Like the shorebirds at the heart of my fellowship project, I’ve thoroughly enjoyed my “stopover” with Midway Atoll.
This fellowship has provided an opportunity to learn so much about the atoll, these birds, their behaviour, and what will work best in keeping them safe while trying to protect other species, as well. It’s given me an exclusive, insider look at the Fish and Wildlife Service, it’s structure, and how projects are carried out, while also having the chance to explore a new facet of wildlife management (and in an unconventional manner due to the current pandemic). Being involved with an unprecedented and ground-breaking project, as well as a fantastic team, has been such an incredible honour.
Even if Midway Atoll is seemingly “just” a little island out in the middle of nowhere in the ocean, it is still an important factor in migratory connectivity, playing it’s role as a piece of the global ecological puzzle. Thus, it’s important to safeguard these birds and their habitats every step along the way. As Diego Luna Quevedo (Conservation Specialist with Manomet) has so eloquently put it:
“Rutas y corredores de las aves migratorias que no saben de fronteras ni divisiones entre países. Nos unen. Nos conectan.”
“Routes and corridors (flyways) of migratory birds know not of borders or divisions between countries. They unite us. They connect us.”
(Pacific Golden Plover: Sharif Uddin; Laysan & Black-footed Albatross: USFWS; Bristle-thighed Curlew: Tony Davison; Midway Atoll map: USFWS/GoogleEarth/Europa & Maxar Technologies/CNES/Airbus, overlays: USFWS, & edits: Selena Flores; scare-eye balloons image: Bird-X; owl decoy: Yardwe; speaker: Eaton/Wheelock; holographic tape: KINGLAKE)
Just as the fields of ecology and conservation biology are like puzzles themselves, I’ve also been puzzling together a myriad of factors to encapsulate a final product. From comparing timelines of shorebird migration and when rodent bait will be applied on the island, creating layered maps, examining various types of data, to understanding bird behaviour and researching available scaring methods that are most likely to remain effective, synthesising all these different forms of information is necessary to create a cohesive plan and schedule to be used.
The aims of this project are not limited to just this kind of situation, nor just to Midway Atoll. The hope is that this plan will have further applications, being useful to the needs of not only similar rodent eradication projects, but also to airports, agriculture, and other bird safety mitigation measures. Having a concrete protocol, and the results when this plan does get implemented, can be transformed into a toolkit of best practices to share and adapt.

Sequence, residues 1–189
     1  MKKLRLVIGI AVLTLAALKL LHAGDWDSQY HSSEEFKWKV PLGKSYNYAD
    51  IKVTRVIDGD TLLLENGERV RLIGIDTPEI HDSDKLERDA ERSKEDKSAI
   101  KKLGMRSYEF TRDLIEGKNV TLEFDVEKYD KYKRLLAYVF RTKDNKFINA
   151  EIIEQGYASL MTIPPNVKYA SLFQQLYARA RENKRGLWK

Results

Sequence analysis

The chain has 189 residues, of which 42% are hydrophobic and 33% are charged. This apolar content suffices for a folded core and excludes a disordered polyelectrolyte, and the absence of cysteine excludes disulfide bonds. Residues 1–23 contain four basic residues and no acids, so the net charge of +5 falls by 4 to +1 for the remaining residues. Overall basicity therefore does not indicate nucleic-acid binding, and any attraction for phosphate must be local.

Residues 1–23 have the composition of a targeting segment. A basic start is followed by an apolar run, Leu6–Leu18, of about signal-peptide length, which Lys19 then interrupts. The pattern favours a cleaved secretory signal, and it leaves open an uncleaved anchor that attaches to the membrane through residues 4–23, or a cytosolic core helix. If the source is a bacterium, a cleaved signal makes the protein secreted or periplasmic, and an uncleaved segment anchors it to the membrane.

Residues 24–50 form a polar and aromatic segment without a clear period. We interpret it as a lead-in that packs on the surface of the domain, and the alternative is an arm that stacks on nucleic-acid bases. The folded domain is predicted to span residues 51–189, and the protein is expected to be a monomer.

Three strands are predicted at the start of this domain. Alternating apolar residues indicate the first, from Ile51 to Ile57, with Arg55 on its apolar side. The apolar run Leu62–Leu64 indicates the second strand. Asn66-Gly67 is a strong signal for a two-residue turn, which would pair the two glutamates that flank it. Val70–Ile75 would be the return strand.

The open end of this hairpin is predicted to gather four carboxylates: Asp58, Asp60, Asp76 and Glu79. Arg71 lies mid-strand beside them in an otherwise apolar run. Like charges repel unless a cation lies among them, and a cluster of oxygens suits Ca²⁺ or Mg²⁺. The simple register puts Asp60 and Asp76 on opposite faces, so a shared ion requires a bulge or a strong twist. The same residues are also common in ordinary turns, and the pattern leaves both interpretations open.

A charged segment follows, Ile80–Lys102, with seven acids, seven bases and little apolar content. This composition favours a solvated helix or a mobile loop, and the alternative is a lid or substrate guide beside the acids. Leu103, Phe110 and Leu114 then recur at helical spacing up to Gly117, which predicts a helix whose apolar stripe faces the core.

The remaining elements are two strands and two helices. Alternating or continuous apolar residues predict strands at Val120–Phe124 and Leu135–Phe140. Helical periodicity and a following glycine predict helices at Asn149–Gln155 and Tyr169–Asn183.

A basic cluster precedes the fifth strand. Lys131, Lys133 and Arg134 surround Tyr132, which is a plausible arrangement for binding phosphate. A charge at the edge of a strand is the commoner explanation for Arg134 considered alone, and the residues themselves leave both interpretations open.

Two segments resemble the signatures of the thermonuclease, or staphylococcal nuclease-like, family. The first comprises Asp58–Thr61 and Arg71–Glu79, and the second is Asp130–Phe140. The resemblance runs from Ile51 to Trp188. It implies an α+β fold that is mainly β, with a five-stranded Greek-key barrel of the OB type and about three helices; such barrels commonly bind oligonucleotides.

(Midway Atoll aerial image: US Navy; Midway Atoll unofficial flag + heart graphic: SaliVit/Shutterstock; presentation title slide + infographic: Selena Flores, Ruddy Turnstones in flight: Daniel Caracappa; official logo courtesy of USFWS; custom edits: Selena Flores)
It has been wonderful to be a part of this important project to protect shorebirds that connect our world. The fellowship period has been very active and busy, but has led to a sense of being “good tired,” from being involved in meaningful work. It’s also been so different from my graduate programme, which is just what I needed to shake things up a bit during my dissertation-writing process!
I am so grateful for the supportive communities and their assistance, from training sessions to career advisors, from one-on-one meetings to giving presentations to showcase our work, all further solidified our professional connections, and showed first-hand that these mentors are dedicated to ensuring our success, during the programme and beyond. I look forward to maintaining these contacts after the fellowship and exploring career options, which makes me hopeful for continued involvement with USFWS.
Being a Directorate Fellow and MANO Project intern has definitely made an impact on me; I will cherish and carry this experience with me throughout my career, and will encourage others to apply and take part! Particular thank-yous must go to my supervisor Beth Flint, the various partners of the Midway Atoll Seabird Protection project, the USFWS NCTC and Pacific Region staff, the Hispanic Access Foundation and MANO Project staff, as well as the rest of 2020 DFP cohort!
For now, it may be time to migrate onward…but again, like the shorebirds, I hope to return to working with the service in the future!
(Midway Atoll unofficial flag header image: Oleksii Liskonih/iStock; silhouettes of shorebirds in flight: WaderQuest/Rick & Elís Simpson; custom edits: Selena Flores)
Agency: U.S. Fish and Wildlife Service
Program: US Fish & Wildlife Service - DFP
Location: Midway Atoll National Wildlife Refuge